Challenges and Opportunities for Cardiovascular Disease Prevention

  • Manuel Franco
    Department of Epidemiology, Atherothrombosis and Imaging, National Center for Cardiovascular Research (CNIC), Madrid, Spain

    Department of Epidemiology, Welch Center for Prevention, Johns Hopkins Bloomberg School of Public Health, Baltimore, Md
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  • Richard S. Cooper
    Department of Preventive Medicine and Epidemiology, Loyola University Medical School, Maywood, Ill
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  • Usama Bilal
    Department of Epidemiology, Atherothrombosis and Imaging, National Center for Cardiovascular Research (CNIC), Madrid, Spain
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  • Valentín Fuster
    Requests for reprints should be addressed to Valentín Fuster, MD, PhD, Mount Sinai Medical Center, One Gustave L. Levy Place, Box 1030, New York, NY, 10029
    Department of Epidemiology, Atherothrombosis and Imaging, National Center for Cardiovascular Research (CNIC), Madrid, Spain

    Zena and Michael A. Wiener Cardiovascular Institute and the Marie-Josée and Henry R. Kravis Center for Cardiovascular Health, and the Richard Gorlin, MD/Heart Research Foundation Professor of Cardiology, Mount Sinai School of Medicine, New York, NY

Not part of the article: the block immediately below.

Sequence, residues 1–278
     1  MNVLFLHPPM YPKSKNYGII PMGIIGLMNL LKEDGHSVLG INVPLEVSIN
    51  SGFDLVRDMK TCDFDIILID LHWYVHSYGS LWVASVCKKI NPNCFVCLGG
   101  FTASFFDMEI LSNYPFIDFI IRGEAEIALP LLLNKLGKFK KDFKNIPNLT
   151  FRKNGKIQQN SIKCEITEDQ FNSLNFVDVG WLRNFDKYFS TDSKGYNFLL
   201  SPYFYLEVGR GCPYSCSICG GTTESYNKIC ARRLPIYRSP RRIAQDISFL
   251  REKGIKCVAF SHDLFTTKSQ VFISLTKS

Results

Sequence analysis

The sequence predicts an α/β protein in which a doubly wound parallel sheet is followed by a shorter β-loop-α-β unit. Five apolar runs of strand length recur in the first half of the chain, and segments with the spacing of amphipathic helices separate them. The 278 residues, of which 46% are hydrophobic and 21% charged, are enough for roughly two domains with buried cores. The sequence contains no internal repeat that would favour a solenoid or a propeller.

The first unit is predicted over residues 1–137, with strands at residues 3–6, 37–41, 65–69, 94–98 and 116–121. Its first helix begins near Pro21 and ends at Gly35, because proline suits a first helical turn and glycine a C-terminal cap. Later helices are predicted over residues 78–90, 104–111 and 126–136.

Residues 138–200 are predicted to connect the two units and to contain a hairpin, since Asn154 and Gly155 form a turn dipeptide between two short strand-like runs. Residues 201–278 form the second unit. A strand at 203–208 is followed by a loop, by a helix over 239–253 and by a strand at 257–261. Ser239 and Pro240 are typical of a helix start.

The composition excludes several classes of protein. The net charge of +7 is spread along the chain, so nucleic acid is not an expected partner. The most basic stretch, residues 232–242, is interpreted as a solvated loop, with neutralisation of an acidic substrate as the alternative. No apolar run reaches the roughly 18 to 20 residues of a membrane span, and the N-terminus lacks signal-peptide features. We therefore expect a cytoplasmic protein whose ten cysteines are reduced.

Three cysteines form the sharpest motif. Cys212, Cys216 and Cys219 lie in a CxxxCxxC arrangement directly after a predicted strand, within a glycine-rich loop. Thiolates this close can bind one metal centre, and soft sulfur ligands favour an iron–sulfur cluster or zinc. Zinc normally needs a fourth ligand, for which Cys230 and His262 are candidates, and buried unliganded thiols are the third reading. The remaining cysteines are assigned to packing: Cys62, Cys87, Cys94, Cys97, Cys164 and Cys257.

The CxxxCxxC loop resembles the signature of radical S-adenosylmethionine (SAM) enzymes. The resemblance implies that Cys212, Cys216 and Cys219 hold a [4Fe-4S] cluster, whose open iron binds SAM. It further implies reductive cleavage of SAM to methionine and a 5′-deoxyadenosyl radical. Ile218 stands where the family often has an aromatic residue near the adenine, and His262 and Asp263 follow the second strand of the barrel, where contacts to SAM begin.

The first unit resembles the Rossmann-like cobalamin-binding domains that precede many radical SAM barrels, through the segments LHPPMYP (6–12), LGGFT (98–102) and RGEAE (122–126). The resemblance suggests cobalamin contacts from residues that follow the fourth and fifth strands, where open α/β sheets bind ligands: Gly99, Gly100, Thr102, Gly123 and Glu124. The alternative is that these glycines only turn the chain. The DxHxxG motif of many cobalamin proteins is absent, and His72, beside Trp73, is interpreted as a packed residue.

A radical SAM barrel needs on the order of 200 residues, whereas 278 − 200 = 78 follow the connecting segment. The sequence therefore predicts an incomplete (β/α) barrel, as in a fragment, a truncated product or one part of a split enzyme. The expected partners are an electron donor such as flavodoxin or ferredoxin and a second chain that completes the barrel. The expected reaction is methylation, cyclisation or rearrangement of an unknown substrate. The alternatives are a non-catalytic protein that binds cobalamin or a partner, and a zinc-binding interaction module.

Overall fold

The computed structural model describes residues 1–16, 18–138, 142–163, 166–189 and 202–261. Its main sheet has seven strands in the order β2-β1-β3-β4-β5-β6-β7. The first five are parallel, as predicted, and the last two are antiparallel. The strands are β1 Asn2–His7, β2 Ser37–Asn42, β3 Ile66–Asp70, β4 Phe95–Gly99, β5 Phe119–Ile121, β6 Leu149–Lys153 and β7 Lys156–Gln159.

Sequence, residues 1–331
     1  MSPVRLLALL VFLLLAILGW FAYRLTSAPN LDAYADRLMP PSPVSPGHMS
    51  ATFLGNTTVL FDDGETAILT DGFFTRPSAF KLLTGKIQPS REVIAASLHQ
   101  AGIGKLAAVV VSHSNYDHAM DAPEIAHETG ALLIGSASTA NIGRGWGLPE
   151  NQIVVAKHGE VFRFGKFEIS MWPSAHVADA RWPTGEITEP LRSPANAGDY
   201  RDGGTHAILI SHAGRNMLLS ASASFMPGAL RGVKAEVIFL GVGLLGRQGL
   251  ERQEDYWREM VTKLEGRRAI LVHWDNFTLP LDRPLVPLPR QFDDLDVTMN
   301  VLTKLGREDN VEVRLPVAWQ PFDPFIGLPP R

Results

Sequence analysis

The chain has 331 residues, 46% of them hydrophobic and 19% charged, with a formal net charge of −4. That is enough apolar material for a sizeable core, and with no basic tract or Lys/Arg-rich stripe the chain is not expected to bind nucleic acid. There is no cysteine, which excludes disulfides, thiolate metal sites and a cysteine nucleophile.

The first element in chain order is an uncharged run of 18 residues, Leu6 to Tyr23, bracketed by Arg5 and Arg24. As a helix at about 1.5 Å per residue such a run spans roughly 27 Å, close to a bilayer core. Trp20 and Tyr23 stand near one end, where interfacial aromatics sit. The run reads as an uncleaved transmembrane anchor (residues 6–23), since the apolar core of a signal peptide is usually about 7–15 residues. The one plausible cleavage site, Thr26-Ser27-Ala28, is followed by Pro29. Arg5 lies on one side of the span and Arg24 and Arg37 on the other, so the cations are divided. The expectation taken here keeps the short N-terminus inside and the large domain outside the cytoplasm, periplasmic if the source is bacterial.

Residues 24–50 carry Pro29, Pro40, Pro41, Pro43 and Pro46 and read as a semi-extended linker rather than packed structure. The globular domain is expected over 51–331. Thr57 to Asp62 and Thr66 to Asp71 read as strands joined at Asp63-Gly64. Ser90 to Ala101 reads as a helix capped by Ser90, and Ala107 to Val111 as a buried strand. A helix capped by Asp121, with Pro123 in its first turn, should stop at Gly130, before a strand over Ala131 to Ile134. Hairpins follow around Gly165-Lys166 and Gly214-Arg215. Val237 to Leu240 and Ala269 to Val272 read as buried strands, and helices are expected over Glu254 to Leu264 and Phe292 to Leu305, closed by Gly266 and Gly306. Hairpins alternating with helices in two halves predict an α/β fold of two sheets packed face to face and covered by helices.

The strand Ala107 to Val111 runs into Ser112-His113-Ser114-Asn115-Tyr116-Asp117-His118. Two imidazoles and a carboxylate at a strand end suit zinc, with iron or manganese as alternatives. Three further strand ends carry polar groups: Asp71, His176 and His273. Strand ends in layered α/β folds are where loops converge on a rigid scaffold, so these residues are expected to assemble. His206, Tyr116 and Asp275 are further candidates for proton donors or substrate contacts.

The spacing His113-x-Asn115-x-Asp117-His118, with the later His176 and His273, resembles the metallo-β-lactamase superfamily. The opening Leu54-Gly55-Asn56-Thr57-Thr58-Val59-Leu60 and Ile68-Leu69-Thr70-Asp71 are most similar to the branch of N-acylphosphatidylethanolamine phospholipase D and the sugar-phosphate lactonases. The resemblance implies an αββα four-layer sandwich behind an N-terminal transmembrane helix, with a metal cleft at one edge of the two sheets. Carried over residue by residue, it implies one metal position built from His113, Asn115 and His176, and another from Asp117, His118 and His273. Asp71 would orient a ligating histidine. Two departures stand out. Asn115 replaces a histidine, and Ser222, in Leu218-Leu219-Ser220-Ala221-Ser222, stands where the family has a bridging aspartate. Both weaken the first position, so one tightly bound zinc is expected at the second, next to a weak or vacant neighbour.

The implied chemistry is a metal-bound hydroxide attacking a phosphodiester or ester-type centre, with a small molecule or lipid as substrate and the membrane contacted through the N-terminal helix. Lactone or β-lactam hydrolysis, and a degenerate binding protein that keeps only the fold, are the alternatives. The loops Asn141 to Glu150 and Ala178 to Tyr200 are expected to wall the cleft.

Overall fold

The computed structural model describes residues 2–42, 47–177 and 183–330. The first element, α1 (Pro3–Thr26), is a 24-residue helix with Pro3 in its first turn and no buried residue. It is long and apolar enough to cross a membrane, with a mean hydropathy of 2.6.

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      Cardiovascular diseases are highly preventable, yet they remain the most common cause of death in the world. The epidemic is receding in industrialized countries; however, many low-income and middle-income countries have experienced an increase in cardiovascular diseases and 80% of all cardiovascular diseases deaths occur there. In the last 20 years, the epidemiology and surveillance of cardiovascular diseases have laid the foundations for public health interventions that may reduce the burden of disease. Relevant population-specific local data are therefore needed to describe the trends and pattern of risk for atherosclerotic diseases. Once the basis for surveillance and epidemiological research has been laid, cardiovascular disease prevention will require approaches adapted for each individual and population. The existence of effective preventive interventions justifies the assertion that coronary heart disease and stroke could be virtually prevented and controlled. Our goal in this review is to summarize the current challenges and opportunities for cardiovascular medicine, focusing on the need for high-quality local surveillance systems that provide the appropriate data needed to develop sound national cardiovascular disease preventive policies.


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